Anyway, Yevgeniya Yeretskaya's magical Christmas decorations and snowflakes are back in Flurry: A Mini Snowflake Pop-Up Book. This one is almost small enough for a stocking stuffer . . . 

And speaking of small things, Julie Fogliano's marvelous Just in Case You Want to Fly is out this week. Delightfully illustrated by Christian Robinson, Just in Case You Want to Fly is a soon-to-be classic children's book that encourages tiny ones to dream big. We give this idea our biggest stamp of approval. 

And finally, we have The Little Book of Otter Philosophy. Written by Jennifer McCartney, the Little Book of Otter Philosophy is a little wordy, but still very on the nose in regards to how to approach life as otters do, which is with more delight, more playfulness, and more attention to enjoying your true self. As Hodge and Podge would say: do as otters do and not as they do0—do0—be—do0.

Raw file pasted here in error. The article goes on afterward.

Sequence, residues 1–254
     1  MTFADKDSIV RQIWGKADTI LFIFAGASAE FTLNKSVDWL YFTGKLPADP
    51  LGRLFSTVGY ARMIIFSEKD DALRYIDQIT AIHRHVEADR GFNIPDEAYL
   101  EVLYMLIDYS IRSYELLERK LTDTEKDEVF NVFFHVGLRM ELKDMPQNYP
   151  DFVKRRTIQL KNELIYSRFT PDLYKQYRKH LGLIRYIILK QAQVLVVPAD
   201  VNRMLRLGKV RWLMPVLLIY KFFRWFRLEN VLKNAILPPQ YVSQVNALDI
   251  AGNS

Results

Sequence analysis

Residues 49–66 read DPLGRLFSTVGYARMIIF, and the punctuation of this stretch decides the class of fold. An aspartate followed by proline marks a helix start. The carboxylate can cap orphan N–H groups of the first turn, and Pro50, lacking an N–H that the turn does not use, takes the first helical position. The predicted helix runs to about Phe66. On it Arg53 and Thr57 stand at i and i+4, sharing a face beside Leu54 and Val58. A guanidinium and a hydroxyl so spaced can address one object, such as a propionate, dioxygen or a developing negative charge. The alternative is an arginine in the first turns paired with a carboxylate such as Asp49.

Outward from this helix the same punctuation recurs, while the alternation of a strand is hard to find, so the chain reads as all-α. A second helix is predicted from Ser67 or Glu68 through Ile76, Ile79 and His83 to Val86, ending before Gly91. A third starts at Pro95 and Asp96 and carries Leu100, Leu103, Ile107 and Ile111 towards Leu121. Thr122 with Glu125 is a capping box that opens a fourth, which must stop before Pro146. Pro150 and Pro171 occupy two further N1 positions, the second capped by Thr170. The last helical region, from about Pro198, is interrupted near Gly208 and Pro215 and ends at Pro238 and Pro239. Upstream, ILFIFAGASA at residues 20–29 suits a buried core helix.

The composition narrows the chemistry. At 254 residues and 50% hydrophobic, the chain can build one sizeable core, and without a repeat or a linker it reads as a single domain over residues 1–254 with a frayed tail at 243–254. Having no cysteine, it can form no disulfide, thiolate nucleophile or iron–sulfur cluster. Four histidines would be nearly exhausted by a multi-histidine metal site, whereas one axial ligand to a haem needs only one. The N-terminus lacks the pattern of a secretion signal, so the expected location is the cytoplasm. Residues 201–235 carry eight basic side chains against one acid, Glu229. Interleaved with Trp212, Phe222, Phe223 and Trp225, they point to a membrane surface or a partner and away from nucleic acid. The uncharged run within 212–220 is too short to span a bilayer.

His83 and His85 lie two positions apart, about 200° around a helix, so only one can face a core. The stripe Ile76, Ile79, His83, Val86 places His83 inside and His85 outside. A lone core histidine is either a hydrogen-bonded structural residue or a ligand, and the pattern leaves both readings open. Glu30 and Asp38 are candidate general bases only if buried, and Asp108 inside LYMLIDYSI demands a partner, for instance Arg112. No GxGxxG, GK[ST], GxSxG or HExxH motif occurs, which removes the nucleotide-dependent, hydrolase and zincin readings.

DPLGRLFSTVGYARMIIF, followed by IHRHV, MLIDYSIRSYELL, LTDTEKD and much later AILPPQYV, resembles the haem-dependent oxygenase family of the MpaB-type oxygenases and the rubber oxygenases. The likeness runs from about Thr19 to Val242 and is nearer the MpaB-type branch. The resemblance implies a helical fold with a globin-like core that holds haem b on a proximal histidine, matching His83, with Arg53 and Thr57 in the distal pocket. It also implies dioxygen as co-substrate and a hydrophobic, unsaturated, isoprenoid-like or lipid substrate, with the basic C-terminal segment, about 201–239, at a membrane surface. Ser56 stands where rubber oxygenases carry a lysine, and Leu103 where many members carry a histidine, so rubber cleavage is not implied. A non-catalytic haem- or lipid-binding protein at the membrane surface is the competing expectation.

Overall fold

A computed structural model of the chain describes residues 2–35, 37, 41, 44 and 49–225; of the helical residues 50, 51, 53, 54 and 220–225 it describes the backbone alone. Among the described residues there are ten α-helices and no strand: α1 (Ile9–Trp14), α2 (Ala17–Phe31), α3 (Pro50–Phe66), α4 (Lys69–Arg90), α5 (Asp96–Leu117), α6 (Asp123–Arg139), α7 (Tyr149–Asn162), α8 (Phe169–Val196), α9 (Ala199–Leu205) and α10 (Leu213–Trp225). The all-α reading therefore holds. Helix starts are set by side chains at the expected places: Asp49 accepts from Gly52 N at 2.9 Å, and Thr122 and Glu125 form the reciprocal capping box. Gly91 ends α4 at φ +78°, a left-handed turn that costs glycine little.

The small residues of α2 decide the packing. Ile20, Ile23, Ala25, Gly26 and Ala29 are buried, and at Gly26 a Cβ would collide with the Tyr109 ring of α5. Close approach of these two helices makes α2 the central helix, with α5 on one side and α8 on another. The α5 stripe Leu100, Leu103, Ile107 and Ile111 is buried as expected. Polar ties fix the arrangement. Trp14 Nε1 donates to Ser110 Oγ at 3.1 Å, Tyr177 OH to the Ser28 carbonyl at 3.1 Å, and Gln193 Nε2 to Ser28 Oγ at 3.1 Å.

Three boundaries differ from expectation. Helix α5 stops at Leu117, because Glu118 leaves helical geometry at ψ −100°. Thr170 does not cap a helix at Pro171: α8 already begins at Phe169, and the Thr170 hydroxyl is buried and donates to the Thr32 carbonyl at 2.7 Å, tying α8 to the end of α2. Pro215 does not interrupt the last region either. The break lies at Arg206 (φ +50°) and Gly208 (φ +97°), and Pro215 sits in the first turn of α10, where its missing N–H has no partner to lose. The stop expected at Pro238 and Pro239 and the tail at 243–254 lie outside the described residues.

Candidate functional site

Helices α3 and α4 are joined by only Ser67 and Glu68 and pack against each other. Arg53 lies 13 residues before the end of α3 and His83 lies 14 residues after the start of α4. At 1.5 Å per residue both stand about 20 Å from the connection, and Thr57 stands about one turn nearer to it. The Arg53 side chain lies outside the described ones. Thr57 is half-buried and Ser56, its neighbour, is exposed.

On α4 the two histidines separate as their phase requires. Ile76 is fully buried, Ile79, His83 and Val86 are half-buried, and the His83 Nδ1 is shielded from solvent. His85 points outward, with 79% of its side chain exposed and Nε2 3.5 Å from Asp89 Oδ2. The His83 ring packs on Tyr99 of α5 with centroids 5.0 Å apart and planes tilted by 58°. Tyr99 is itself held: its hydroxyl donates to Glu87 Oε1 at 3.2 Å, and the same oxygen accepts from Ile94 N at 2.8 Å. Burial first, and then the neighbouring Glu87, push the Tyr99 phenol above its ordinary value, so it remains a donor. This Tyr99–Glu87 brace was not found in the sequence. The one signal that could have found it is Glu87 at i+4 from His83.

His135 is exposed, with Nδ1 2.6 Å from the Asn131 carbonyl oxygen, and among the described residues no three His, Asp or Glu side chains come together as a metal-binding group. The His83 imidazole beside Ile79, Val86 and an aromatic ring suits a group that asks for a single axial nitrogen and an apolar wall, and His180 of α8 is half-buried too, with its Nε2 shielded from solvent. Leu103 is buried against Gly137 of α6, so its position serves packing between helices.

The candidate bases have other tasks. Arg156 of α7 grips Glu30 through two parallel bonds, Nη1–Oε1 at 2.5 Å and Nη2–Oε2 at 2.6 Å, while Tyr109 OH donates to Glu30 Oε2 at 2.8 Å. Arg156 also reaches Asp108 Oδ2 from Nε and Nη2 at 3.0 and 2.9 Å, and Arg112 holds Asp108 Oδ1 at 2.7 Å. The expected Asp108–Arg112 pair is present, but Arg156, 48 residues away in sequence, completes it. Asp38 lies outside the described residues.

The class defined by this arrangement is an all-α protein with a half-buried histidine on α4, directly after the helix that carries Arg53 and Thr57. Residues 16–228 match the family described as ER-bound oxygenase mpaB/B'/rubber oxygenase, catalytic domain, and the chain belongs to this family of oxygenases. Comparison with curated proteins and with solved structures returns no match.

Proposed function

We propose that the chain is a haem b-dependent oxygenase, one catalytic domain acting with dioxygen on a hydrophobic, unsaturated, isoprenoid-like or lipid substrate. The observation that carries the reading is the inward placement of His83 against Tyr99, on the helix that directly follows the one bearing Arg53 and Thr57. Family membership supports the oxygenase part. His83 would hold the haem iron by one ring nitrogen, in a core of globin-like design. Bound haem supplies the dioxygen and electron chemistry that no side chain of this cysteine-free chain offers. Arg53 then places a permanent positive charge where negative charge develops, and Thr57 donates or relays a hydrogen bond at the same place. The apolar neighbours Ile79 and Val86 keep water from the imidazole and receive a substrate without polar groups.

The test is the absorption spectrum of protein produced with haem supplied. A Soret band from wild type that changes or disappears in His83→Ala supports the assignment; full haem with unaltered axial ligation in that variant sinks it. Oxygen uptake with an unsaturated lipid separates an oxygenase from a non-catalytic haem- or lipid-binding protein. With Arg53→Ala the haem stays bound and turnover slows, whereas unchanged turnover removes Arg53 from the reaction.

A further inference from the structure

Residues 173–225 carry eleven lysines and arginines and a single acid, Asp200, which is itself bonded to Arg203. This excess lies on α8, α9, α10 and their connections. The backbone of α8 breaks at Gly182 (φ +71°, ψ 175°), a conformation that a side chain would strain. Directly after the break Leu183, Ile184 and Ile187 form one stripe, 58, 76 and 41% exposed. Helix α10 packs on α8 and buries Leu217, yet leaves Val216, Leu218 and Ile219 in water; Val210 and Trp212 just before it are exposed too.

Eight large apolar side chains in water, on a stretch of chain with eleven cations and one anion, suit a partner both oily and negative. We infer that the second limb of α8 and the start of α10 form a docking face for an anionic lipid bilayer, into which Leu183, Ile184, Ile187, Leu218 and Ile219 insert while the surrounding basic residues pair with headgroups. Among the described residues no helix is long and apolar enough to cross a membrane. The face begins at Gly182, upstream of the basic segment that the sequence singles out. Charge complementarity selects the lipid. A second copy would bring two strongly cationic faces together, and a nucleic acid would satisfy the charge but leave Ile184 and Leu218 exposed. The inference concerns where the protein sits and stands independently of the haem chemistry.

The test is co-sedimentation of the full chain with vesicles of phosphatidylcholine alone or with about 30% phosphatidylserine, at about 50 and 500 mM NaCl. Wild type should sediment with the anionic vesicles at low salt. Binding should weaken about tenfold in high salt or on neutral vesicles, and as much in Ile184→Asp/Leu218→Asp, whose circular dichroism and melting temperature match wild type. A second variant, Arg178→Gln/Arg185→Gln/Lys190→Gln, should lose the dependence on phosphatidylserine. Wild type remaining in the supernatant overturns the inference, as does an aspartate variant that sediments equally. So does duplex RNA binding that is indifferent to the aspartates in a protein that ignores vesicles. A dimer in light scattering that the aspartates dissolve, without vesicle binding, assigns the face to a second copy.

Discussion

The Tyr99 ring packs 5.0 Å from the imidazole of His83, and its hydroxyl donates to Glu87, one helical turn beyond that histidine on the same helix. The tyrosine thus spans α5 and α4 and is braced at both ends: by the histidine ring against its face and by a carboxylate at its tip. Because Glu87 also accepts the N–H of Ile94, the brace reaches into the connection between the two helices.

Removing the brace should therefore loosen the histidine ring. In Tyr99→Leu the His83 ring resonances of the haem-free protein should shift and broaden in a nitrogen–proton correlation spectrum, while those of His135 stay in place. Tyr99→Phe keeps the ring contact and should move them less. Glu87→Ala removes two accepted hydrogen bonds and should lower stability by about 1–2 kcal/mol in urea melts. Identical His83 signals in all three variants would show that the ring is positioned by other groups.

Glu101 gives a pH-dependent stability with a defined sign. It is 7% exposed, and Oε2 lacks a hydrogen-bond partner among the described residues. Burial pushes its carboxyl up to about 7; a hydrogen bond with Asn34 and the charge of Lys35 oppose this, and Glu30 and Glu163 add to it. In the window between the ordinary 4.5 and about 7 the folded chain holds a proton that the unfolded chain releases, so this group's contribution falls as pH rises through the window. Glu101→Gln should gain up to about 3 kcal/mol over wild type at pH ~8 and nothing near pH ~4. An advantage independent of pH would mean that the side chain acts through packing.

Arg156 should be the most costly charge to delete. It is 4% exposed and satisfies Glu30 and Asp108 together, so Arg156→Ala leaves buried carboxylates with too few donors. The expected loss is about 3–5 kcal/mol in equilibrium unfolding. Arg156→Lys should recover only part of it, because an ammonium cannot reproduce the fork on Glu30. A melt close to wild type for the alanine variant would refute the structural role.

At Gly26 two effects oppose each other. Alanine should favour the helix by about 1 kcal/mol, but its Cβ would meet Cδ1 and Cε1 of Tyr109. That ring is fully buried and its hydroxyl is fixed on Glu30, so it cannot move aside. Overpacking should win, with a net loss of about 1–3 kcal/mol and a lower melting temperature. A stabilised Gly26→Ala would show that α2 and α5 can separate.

Overheard At The Store »»

COLBY: Okay, so all the Random Thing in a Box boxes boxed?

HODGE: They are! 

COLBY: And stacked by the register? 

HODGE: Stacked!

COLBY: Ready for customer purchase? 

HODGE: Ready! In fact, we've sold quite a few already. 

COLBY: Excellent. I always appreciate a plan when it actually works. 

HODGE: Aye, a plan planned is a well-planned plan. 

COLBY: That's—yes, what you said. 

HODGE: I did. 

COLBY: Okay. . . . Where's Podge? 

HODGE: He's, uh, he's tidying up. 

COLBY: He is? Well, uh, excellent. 

HODGE: Yes. 

COLBY: . . . 

HODGE: . . . 

COLBY: Is there something else? 

HODGE: No, no. 

COLBY: Are you sure? 

HODGE: Well . . . no. No, no. 

COLBY: Are you sure? 

HODGE: Quite sure. 

COLBY: And Podge . . . ? 

HODGE: Tidying. 

COLBY: Right. 

HODGE: . . . 

COLBY: He's in one of the boxes we sold today, isn't he? 

HODGE: I fear that may be the case.